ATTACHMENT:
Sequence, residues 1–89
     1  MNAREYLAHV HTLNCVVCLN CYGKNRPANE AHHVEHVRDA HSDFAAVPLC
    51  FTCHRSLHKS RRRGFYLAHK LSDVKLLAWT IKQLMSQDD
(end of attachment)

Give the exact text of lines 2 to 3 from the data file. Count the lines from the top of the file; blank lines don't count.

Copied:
     1  MNAREYLAHV HTLNCVVCLN CYGKNRPANE AHHVEHVRDA HSDFAAVPLC
    51  FTCHRSLHKS RRRGFYLAHK LSDVKLLAWT IKQLMSQDD